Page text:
Asset Depreciation in School Reporting


What is asset depreciation?

Academies and maintained schools are required to report on their annual finances, including a set of up-to-date accounts and a fixed asset register. Asset depreciation is a fundamental accounting concept and part of the “matching principle,” which means that the expenditure part of your accounts must reflect the useful economic life of school tangible assets. For example – you might buy a laptop this year but you would expect to benefit from the purchase for the next five years. As such, you would spread the expenditure on this asset over a 5 year period in the balance sheet.

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As well as being an established accounting practice, asset depreciation will also help you negotiate the right insurance policy for your school and plan your budget by forecasting future investments.

There are a number of depreciation methods, including Sum-of-the-Years' Digits Depreciation and Units of Production Depreciation. However, the two methods most commonly used by UK schools are straight line depreciation and declining balance depreciation.

Straight line depreciation

This is seen as the simpler of the two most popular depreciation methods. This is when you take the cost of an asset and divide it by the number of years you think it will be useful to your school - sometimes referred to as its ‘useful life’. This will tell you the annual depreciation of the asset. If you need to, you can go further and divide this by 12 to get the monthly depreciation.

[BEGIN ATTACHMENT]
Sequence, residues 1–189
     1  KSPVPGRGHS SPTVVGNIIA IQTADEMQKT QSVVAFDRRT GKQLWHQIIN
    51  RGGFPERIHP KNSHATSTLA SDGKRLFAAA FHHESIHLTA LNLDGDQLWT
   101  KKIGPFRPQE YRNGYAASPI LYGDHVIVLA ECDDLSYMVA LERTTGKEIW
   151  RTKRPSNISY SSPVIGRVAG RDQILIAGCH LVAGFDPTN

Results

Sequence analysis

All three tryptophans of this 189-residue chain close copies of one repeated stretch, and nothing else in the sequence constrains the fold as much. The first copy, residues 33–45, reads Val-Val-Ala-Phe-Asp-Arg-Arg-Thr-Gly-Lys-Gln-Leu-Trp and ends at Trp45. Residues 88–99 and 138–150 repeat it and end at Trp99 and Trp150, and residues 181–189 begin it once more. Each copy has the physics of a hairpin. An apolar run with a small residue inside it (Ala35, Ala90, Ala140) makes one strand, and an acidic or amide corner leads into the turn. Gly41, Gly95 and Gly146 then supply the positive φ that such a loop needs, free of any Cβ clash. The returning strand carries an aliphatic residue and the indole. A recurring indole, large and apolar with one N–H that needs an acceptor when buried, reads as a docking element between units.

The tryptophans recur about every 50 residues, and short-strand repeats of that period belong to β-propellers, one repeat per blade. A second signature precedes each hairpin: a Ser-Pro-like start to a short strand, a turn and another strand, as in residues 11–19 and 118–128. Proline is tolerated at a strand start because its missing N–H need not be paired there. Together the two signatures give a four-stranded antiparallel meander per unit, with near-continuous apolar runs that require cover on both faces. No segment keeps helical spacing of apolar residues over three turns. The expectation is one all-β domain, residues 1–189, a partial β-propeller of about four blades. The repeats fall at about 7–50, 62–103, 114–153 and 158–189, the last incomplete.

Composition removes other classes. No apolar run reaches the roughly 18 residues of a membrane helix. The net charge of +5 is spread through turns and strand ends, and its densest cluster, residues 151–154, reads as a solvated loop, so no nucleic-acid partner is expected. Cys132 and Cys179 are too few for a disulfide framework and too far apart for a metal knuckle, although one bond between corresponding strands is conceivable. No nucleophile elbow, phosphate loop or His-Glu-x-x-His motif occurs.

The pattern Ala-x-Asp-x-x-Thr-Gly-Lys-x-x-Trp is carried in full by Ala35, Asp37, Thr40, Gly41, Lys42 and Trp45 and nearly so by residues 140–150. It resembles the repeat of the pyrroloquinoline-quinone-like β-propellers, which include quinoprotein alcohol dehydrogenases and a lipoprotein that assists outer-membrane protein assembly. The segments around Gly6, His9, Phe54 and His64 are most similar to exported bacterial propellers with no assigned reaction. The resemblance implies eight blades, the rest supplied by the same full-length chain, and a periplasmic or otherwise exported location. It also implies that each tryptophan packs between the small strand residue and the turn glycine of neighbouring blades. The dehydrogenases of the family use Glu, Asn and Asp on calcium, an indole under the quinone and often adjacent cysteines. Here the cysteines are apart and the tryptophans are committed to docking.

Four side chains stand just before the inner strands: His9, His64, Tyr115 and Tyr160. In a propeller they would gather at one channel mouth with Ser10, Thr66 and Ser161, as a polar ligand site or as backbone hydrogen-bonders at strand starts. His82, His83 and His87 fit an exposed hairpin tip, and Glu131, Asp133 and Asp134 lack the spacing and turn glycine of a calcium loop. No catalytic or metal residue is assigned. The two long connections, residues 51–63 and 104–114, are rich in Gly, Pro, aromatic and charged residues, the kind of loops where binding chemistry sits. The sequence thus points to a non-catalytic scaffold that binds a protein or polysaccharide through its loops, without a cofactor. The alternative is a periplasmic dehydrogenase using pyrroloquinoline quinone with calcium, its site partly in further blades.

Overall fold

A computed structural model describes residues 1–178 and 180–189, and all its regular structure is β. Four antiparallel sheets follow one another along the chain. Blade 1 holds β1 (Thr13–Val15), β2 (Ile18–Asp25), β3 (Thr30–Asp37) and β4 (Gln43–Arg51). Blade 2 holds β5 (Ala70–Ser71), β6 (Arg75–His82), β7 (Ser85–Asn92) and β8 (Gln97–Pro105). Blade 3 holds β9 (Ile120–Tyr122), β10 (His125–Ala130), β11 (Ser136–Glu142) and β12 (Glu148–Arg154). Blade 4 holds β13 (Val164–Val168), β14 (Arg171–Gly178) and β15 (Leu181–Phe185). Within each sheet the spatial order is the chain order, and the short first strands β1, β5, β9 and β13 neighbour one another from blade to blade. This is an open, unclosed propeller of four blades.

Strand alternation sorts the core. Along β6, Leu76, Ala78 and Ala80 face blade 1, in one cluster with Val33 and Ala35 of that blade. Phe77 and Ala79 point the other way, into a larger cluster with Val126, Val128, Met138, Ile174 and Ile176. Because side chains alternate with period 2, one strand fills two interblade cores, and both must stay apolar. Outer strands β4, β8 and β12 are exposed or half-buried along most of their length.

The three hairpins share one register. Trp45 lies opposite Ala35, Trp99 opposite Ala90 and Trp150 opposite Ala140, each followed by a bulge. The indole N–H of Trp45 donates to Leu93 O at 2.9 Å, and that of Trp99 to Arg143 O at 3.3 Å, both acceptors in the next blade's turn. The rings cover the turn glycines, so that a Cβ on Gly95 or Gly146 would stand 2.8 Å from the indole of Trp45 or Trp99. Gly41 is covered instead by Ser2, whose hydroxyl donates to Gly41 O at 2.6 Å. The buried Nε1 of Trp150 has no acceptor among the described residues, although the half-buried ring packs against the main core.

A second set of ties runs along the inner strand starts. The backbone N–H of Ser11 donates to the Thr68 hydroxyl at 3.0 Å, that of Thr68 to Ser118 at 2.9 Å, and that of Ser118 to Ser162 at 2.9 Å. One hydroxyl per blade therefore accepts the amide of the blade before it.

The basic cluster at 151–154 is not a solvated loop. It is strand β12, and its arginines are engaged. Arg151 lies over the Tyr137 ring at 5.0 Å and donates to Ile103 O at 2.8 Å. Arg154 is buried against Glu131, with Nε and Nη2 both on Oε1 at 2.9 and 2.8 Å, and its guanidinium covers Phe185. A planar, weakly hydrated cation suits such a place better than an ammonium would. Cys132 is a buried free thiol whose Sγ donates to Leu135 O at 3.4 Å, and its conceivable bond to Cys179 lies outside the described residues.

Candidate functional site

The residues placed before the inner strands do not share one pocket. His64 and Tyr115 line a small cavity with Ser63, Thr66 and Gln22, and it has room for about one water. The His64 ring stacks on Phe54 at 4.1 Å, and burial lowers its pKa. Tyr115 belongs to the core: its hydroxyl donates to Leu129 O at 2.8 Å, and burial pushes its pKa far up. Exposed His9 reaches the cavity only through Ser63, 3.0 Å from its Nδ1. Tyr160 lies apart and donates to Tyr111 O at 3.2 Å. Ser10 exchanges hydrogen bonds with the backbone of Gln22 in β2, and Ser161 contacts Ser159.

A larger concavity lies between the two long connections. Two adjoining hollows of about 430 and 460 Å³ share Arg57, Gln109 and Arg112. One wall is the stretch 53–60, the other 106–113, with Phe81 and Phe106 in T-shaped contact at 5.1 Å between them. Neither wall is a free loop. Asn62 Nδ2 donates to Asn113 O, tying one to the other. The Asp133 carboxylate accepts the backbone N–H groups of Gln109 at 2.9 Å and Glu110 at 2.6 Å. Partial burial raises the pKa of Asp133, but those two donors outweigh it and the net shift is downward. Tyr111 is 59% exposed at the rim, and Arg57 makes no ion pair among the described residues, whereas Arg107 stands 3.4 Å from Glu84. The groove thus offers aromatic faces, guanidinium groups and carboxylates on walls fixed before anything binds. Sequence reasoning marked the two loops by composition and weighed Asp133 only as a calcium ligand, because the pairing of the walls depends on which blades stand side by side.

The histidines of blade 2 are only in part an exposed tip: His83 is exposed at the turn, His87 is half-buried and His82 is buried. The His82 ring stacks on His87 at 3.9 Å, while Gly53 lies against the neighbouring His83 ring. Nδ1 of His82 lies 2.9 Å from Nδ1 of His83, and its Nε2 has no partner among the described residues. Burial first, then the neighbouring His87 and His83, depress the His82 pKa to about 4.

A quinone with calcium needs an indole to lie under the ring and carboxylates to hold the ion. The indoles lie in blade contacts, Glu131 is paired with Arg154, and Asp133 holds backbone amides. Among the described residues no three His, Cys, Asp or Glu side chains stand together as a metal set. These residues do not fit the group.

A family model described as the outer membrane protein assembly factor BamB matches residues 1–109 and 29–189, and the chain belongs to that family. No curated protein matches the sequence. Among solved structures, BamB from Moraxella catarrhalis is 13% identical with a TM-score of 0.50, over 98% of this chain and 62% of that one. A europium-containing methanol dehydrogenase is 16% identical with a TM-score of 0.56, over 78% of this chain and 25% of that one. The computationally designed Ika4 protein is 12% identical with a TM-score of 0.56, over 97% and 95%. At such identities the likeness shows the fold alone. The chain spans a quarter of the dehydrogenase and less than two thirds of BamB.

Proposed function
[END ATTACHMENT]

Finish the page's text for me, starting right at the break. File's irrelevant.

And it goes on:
So for instance, if you bought a computer for £1,000 and used it for 5 years, you would divide £1,000 by 5 to get an annual depreciation of £200. You could then divide £200 by 12 to get a monthly depreciation of £16.67.

This is quite a straightforward calculation, and the result is recorded as a cost in your accounts.

Declining balance depreciation

Declining balance depreciation - sometimes referred to as ‘reducing balance’ - is a method used for assets that tend to depreciate more quickly near the beginning of their useful life. If an asset has a higher depreciation in the early part of its use, and a lower depreciation later on in its life, this is known as declining balance depreciation.

To calculate an asset’s depreciation in this method, you would apply a fixed percentage of depreciation on the value of the asset each year. You multiply the value of the asset by the percentage of depreciation.

For example, let’s say your school bought a minibus for £2,000 with a projected useful life of 4 years, and you want to depreciate it by 20% a year. You would simply multiply £2,000 by 20%, which gives you a value of £400. For the second year, you would start the calculation with the original cost (£2,000) minus the depreciation cost (£400) - so in this instance it would be £1,600 multiplied by 20%, which gives a depreciation value of £320 for the second year. You would continue in the same pattern.

This table shows what would happen to the value of the minibus in this example over 4 years:


Asset value

Reducing balance


Accumulated depreciation






















Keeping track of asset depreciation

A good School Asset Management platform will include an asset depreciation module, including an option for straight line or declining balance depreciation. This feature allows schools to set up their own depreciation rules for specific asset types. For example, it’s generally recommended IT equipment is depreciated over a 3 to 5 year period. The software will then automatically adjust the asset’s value over the course of its useful life so you have an accurate asset register.

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